The community of believers was of one heart and mind, and no one claimed that any of his possessions was his own, but they had everything in common.
First, I should say Happy Valentine's Day... well, actually, happy feast of Sts. Cyril and Methodius! Unfortunately, people don't typically know a whole lot about Cyril and Methodius... But, alas... today's feast is not the focus of today's reflections...
As a Marianist and as a staff person at the University of Dayton, I hear a lot of talk about community. People say that the community of UD is what sets it apart from other places. It's something intangible... there's a bond... or some people call it a sense of family. They attribute this sense to the fact that the school is Marianist. For Marianists community is a means of bringing Christ to the world. "Many people will never grasp the message of Christ until they see a credible witness of it. Many will never know Christ's love until they experience it in a community. Our mission is to provide such communities." (A Manual of Marianist Spirituality)
When many students (not all) at UD are asked about what community is, they say things like, "I know my neighbors." Or "If I walk through the student neighborhood on a weekend night I can go into any party and it's okay." Or perhaps they talk about the way people party together several days in a row...
Each year it is estimated that 10-12 students at UD attempt suicide. Some people feel isolated... alone... Rates of depression are very high. Unfortunately, this is true on many college campuses, but people don't really like to talk about it. This isn't what community is about. True community would not allow for this.
I've been reflecting on community recently in light of my experiences in El Salvador last month. It was there that I caught a glimpse of community that I hope I never forget. It's difficult to put into words. However, in La Ceiba (the small village in which I lived with a family for a few days) community is their means of survival. They truly depend on one another in a way I've not experienced. There was no sense of individualism... or possessiveness... or being rushed/hurried to go on to the next thing. People... relationships... empathy... compassion... These were their priorities. The people of La Ceiba settled there after living in the refugee camps of Honduras during the civil war. They traveled back to El Salvador together just before the war ended. Without each other, they never would have been able to survive. And still... without sharing food... water... laughter... parenting responsibilities... survival would be difficult.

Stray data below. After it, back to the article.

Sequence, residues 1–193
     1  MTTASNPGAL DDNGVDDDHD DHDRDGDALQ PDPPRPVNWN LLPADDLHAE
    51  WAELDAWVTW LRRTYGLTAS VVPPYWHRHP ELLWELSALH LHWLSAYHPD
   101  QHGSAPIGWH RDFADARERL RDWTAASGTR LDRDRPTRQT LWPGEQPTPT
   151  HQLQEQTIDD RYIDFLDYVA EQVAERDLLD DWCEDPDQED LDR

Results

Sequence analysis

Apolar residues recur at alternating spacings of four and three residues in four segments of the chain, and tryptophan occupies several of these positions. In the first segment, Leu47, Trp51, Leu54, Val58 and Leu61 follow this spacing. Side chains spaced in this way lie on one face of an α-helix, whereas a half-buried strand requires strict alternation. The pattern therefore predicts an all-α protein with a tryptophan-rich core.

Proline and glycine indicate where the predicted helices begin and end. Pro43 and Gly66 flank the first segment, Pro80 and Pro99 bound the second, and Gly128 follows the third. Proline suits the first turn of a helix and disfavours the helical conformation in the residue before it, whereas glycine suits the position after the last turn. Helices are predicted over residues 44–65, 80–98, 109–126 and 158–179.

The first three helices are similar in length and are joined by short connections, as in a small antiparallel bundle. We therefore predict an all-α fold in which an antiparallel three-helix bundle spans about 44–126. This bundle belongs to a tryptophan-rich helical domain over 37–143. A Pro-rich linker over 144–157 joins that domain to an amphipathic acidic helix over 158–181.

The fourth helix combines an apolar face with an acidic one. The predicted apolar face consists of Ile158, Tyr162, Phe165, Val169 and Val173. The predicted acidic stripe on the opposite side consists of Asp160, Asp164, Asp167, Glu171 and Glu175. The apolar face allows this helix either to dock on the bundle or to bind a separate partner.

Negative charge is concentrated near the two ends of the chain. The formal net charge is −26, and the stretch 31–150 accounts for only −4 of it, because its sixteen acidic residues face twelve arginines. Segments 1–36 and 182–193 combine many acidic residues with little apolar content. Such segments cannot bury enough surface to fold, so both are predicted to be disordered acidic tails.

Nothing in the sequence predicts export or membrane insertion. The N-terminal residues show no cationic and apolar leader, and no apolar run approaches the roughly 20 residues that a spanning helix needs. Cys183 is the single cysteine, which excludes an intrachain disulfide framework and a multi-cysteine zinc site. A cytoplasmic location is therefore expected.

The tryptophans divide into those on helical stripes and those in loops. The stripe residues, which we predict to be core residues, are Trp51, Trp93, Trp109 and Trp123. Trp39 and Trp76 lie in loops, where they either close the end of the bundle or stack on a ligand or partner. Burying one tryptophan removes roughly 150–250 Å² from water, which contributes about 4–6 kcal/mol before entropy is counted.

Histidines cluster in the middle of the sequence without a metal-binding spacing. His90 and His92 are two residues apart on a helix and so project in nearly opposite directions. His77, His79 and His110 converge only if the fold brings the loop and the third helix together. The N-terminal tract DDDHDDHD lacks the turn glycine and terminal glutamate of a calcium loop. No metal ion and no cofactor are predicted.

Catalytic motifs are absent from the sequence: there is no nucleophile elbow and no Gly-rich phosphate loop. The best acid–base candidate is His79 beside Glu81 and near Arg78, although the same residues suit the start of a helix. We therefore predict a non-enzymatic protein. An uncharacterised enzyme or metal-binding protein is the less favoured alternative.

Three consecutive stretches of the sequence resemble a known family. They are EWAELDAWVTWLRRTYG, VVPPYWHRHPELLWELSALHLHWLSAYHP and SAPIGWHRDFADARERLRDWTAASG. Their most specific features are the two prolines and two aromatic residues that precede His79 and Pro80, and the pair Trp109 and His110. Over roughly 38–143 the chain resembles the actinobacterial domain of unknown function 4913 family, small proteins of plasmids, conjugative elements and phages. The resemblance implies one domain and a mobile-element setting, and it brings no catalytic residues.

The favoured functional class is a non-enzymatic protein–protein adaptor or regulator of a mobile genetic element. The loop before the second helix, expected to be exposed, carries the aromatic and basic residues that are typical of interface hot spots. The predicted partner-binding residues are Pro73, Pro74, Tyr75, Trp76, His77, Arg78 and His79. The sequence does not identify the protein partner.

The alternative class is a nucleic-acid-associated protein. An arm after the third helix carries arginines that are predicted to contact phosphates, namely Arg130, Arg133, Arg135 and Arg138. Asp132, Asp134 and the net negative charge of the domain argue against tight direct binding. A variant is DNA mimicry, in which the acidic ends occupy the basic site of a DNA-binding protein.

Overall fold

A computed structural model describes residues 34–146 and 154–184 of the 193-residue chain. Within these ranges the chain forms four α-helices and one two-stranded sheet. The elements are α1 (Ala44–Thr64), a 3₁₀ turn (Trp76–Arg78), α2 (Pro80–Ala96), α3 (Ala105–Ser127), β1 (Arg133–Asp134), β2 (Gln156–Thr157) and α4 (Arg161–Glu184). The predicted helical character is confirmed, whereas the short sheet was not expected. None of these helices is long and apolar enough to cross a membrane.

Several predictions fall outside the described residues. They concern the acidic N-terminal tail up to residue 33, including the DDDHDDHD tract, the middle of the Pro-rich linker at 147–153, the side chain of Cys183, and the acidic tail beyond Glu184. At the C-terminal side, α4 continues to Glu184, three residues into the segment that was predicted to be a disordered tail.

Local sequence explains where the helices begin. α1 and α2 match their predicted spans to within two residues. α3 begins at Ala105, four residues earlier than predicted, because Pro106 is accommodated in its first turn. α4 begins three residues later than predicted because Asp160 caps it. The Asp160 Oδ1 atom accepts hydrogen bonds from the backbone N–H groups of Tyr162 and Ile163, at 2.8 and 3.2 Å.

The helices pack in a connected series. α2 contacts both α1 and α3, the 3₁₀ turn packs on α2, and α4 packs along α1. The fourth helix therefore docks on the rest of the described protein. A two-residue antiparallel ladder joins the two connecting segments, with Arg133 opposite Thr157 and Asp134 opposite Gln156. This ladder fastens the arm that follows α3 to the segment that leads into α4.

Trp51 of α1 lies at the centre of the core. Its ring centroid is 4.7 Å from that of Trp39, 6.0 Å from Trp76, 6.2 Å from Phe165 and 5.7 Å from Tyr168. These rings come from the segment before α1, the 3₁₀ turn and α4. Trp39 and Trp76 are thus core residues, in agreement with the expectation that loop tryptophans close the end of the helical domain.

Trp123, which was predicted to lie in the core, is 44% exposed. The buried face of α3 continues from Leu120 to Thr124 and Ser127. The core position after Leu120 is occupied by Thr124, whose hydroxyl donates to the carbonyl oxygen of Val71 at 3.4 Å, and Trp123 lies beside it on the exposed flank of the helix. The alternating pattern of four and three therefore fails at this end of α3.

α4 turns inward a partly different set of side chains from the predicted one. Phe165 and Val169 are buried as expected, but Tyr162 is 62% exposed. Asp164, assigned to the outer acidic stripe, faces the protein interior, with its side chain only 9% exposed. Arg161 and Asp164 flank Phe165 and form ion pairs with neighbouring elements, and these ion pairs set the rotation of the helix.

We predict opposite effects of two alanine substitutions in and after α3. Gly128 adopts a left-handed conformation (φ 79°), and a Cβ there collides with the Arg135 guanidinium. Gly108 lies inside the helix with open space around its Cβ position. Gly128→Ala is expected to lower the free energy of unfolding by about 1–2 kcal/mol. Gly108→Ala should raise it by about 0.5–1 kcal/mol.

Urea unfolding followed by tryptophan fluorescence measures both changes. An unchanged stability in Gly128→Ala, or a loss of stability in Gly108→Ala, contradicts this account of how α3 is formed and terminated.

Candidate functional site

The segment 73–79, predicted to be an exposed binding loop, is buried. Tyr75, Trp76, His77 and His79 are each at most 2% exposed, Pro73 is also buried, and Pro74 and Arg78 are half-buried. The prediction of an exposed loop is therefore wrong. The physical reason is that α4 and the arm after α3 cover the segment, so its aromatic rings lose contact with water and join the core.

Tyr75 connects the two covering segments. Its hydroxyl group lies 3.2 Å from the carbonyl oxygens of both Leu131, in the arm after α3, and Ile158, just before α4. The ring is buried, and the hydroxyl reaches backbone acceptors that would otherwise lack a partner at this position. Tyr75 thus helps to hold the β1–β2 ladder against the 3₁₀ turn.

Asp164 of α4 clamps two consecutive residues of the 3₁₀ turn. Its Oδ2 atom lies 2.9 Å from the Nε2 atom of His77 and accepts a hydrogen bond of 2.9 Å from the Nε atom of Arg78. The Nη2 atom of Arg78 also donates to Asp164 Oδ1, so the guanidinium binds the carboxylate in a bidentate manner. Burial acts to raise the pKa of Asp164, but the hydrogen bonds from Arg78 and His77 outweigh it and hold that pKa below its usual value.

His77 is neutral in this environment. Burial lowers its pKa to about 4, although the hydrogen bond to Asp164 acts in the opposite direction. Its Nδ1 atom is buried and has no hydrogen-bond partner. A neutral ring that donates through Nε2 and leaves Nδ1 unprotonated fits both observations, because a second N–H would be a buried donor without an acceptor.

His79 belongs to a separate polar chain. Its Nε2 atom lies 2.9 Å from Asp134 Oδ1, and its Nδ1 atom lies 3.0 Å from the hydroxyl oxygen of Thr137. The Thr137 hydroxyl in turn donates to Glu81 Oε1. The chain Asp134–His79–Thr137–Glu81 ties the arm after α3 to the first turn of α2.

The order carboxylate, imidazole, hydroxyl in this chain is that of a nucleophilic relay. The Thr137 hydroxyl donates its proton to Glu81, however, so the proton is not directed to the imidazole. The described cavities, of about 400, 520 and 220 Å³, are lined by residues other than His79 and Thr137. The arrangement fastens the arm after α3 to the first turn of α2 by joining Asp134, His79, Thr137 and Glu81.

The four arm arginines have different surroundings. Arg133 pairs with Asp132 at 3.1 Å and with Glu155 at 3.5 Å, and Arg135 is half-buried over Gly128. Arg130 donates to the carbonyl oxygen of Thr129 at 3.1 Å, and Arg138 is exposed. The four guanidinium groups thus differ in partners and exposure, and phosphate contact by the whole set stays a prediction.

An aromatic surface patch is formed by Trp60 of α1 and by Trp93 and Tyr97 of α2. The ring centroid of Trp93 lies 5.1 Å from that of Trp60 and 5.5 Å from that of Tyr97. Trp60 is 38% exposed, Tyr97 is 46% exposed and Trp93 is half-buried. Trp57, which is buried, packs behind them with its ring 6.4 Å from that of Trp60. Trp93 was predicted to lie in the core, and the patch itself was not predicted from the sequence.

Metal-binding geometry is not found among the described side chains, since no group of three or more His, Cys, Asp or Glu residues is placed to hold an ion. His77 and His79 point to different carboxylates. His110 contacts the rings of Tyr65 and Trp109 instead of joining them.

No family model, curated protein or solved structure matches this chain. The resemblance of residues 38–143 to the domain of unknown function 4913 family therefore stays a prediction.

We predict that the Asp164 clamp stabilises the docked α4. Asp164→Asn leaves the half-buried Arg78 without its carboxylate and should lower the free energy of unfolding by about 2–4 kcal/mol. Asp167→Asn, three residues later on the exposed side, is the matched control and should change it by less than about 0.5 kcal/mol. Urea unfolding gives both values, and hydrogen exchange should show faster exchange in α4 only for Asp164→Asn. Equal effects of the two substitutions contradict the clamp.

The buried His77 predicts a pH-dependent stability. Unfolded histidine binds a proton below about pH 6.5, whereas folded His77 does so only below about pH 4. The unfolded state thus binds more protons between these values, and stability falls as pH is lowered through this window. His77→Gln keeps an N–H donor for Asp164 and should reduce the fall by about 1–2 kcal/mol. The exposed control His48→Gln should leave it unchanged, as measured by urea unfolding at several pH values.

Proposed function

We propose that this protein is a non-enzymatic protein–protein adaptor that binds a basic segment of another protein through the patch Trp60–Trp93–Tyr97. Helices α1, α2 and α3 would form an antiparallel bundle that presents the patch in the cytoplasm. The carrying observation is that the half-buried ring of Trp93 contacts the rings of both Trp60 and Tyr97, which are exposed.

This is a sharp contrast to what I see around me and within me. People rushed and hurried (me included!)... superficial relationships... people using others for their own selfish needs... possessiveness... "my time," "my money," "this is what I want," sort of mentality. It's no wonder people feel lonely and isolated...
When I was in high school a friend of mine from middle school took her life. She left in her note that she was alone. There was no one who really cared about her. There are hundreds of young people like her all around us. Can we step out of our own little world to see them?
May we become people of real community... Christ-centered and unselfish. May we put others ahead of ourselves and stop perpetuating the "me first" mindset. In the words of Dorothy Day, may we learn, "Love and ever more love is the only solution to every problem that comes up. If we love each other enough, we will bear with each others' faults and burdens. If we love enough, we are going to light that fire in the hearts of others. And it is love that will burn out the sins and hatreds that sadden us. It is love that will make us want to do great things for each other. No sacrifice and no suffering will then seem too much."
Many blessings to you all!